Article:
Finding .local variables from ptx is there a way ? please help

Is there is way from looking at ptx as to which variable has been defined as local…

after inspecting the ptx… i understood .local is the way it defines a local variable but it doesn’t tell which variable name is it. Is there any way I can find this out… ?

thanks all very much.

  • adding to the above…is there anyway to restrict local-memory usage by making it use more register ? as my code uses 56bytes of local memory and 31 registers… I dont mind it using moe registers just to see the performance benifit.

Please anyone can help… :unsure: ?

thank you all …

do you declare array in your kernel ?

if so, usually it is put into local memory.

yup am aware of the pitfalls like that… but am not declaring any array … just two float 4 structs rest floats and ints… I want to find out which variables are going to local memory . Even though its just 56 bytes but its still significant so I was thinking is there a way by which you can find in ptx which variable corresponds to which register or .local ?

thanks for the help…

PTX does support .local declarations. However, these are not typically used for register spills because PTX works with an infinite register set that represents what a program would look like before register allocation. You would have to disassemble a .cubin file or have a tool that actually performs register allocation at the PTX level. I am not sure whether or not such a tool exists…

EDIT: Actually if anyone could use such a tool, I have considered writing one for a little while now. It would not produce exactly the same results as nvcc, but it would probably be pretty close.

EDIT2: After re-reading your post, I don’t think that knowing exactly which variable is being spilled would help very much in determining how to reduce the number of spilled variables. Most compilers try to assign all variables to registers. There typically are not enough registers to hold all variables in the program, so the compiler will try to intelligently reuse registers for multiple variables. It can do this safely, assign the same register to two or more variables, as long as the variables are not alive – holding a value that may eventually be used – at the same time. When many variables are alive at the same time, the compiler may run out of registers to hold them all, and in this case it will try to spill them to memory intelligently so as to minimize the expected number of spill operations during execution. The point is that exactly which variable is chosen to be spilled to memory will be chosen based on not only what happens to that variable, but also what the program is doing with other variables.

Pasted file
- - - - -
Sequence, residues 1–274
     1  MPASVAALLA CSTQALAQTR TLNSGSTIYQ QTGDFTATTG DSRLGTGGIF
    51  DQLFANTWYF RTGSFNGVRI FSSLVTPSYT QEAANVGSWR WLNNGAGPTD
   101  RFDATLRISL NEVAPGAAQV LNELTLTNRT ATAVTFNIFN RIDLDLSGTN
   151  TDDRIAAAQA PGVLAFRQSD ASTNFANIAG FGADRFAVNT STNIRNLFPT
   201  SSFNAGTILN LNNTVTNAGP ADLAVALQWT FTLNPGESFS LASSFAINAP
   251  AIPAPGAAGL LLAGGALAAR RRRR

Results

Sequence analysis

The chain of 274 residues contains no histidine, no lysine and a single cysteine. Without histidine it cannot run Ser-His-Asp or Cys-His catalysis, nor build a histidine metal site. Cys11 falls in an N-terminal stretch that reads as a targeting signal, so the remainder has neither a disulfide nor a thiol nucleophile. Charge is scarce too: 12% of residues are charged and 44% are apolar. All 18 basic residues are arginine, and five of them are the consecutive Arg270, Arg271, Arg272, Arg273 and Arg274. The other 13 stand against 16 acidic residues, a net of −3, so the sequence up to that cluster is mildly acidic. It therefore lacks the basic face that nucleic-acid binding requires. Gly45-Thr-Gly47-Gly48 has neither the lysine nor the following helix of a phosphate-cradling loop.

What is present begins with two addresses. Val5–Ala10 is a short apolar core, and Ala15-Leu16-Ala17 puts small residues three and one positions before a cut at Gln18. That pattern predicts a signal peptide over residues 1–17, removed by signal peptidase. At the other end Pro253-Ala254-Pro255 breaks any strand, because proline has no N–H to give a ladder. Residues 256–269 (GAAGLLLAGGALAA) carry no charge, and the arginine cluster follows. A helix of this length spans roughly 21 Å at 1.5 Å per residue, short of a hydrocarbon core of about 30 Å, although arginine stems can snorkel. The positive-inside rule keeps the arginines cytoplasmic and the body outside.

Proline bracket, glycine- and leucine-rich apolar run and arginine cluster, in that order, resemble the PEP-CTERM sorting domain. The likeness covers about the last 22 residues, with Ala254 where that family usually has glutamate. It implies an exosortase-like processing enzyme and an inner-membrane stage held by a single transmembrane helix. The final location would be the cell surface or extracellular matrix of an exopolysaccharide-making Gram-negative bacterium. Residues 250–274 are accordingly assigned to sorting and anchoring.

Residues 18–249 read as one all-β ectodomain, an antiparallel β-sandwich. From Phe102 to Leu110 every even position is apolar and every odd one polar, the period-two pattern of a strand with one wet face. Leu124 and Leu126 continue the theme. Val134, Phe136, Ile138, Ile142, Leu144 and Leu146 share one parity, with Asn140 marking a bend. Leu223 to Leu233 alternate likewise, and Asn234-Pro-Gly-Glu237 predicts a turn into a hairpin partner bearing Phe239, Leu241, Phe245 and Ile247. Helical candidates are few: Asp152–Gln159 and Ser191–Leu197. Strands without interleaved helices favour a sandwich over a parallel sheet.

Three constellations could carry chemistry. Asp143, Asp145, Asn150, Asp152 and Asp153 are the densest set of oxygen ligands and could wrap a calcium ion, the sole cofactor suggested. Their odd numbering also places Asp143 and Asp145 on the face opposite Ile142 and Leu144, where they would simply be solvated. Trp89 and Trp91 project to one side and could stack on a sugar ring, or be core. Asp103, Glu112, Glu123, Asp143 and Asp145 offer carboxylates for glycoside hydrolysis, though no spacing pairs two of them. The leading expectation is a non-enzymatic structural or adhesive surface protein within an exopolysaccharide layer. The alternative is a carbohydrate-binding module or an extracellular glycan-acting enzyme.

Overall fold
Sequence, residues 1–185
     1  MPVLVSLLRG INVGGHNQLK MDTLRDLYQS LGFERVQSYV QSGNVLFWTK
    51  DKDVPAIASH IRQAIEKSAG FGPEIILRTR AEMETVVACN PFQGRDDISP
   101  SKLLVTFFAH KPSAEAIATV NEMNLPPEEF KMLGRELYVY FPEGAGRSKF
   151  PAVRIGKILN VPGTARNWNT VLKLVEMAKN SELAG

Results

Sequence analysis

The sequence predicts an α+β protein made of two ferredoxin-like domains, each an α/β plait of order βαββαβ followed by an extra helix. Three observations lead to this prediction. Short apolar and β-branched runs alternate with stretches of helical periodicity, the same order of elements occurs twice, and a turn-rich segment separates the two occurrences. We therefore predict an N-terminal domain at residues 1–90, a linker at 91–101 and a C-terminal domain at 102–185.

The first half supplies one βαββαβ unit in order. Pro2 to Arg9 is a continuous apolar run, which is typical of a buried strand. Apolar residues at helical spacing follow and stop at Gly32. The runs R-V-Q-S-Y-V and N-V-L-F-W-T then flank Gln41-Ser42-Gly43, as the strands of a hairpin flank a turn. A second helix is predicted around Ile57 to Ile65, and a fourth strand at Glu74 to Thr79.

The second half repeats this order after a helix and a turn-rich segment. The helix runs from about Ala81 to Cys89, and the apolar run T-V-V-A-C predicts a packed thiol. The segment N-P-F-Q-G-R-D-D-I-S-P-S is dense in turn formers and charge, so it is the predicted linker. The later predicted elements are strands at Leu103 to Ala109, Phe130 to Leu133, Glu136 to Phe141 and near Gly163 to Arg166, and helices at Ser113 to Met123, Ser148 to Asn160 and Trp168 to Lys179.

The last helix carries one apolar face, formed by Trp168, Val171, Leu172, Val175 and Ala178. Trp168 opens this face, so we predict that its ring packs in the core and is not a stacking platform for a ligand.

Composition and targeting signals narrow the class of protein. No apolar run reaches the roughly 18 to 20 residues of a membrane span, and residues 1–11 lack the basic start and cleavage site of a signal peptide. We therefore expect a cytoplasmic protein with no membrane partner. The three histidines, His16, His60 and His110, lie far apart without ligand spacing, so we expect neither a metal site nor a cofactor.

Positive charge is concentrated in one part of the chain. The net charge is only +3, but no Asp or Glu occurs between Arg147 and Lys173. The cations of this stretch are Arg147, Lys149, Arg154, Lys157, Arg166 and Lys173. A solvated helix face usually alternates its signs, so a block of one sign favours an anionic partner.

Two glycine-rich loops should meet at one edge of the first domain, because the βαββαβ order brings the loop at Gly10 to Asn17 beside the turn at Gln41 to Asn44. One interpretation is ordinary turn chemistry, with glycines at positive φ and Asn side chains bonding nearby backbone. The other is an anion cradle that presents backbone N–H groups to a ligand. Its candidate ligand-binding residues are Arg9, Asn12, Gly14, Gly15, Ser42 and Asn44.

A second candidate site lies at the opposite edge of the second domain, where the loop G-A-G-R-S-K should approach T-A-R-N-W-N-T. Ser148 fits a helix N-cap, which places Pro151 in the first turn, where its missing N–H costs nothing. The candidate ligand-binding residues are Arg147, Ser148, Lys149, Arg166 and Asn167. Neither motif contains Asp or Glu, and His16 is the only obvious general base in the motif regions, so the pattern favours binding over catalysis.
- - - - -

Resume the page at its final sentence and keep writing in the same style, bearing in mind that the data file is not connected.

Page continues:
For the .cubin disassembly case, you can use:

http://wiki.github.com/laanwj/decuda

Sorry to resurrect a dead post, but I recently went back and wrote a tool that performs register allocation on PTX. It is included as part of Ocelot http://code.google.com/p/gpuocelot/source/checkout (the tool is PTXOptimizer)

Here is an example of a ptx program before

.entry _Z17k_simple_sequencePi (

		.param .u32 __cudaparm__Z17k_simple_sequencePi_A)

	{

	.reg .u16 %rh<4>;

	.reg .u32 %r<10>;

	.loc	15	12	0

$LBB1__Z17k_simple_sequencePi:

	.loc	15	14	0

	mov.u16 	%rh1, %ctaid.x;

	mov.u16 	%rh2, %ntid.x;

	mul.wide.u16 	%r1, %rh1, %rh2;

	cvt.u32.u16 	%r2, %tid.x;

	add.u32 	%r3, %r2, %r1;

	mul.lo.s32 	%r4, %r3, 2;

	add.s32 	%r5, %r4, 1;

	ld.param.u32 	%r6, [__cudaparm__Z17k_simple_sequencePi_A];

	mul.lo.u32 	%r7, %r3, 4;

	add.u32 	%r8, %r6, %r7;

	st.global.s32 	[%r8+0], %r5;

	.loc	15	15	0

	exit;

$LDWend__Z17k_simple_sequencePi:

	} // _Z17k_simple_sequencePi

and after

.entry _Z17k_simple_sequencePi(.param  .u32 __cudaparm__Z17k_simple_sequencePi_A)

{

	.local .u8 _Zocelot_linear_scan_register_allocation_stack[20];

	.reg .u16 %r1;

	.reg .u16 %r0;

	.reg .u32 %r4;

	.reg .u32 %r2;

	.reg .u32 %r3;

	$BB_1_1:				/* $LBB1__Z17k_simple_sequencePi */ 

		mov.u16 %r1, %ctaid.x;

		mov.u16 %r0, %ntid.x;

		mul.wide.u16 %r4, %r1, %r0;

		st.local.u32 [_Zocelot_linear_scan_register_allocation_stack], %r4;

		cvt.u32.u16 %r2, %tid.x;

		st.local.u32 [_Zocelot_linear_scan_register_allocation_stack + 4], %r2;

		ld.reg.s32 %r2, [_Zocelot_linear_scan_register_allocation_stack + 4];

		ld.reg.s32 %r3, [_Zocelot_linear_scan_register_allocation_stack];

		add.u32 %r0, %r2, %r3;

		mul.lo.s32 %r1, %r0, 2;

		add.s32 %r3, %r1, 1;

		st.local.u32 [_Zocelot_linear_scan_register_allocation_stack + 8], %r3;

		ld.param.u32 %r2, [__cudaparm__Z17k_simple_sequencePi_A];

		st.local.u32 [_Zocelot_linear_scan_register_allocation_stack + 12], %r2;

		mul.lo.u32 %r1, %r0, 4;

		ld.reg.s32 %r2, [_Zocelot_linear_scan_register_allocation_stack + 12];

		add.u32 %r4, %r2, %r1;

		st.local.u32 [_Zocelot_linear_scan_register_allocation_stack + 16], %r4;

		ld.reg.s32 %r2, [_Zocelot_linear_scan_register_allocation_stack + 8];

		ld.reg.s32 %r3, [_Zocelot_linear_scan_register_allocation_stack + 16];

		st.global.s32 [%r3 + 0], %r2;

		exit;

}

allocation. This assumes that the max reg count is set to 5 registers.

Wohoo :) … looks good… I will try to use this… and get back// thanks…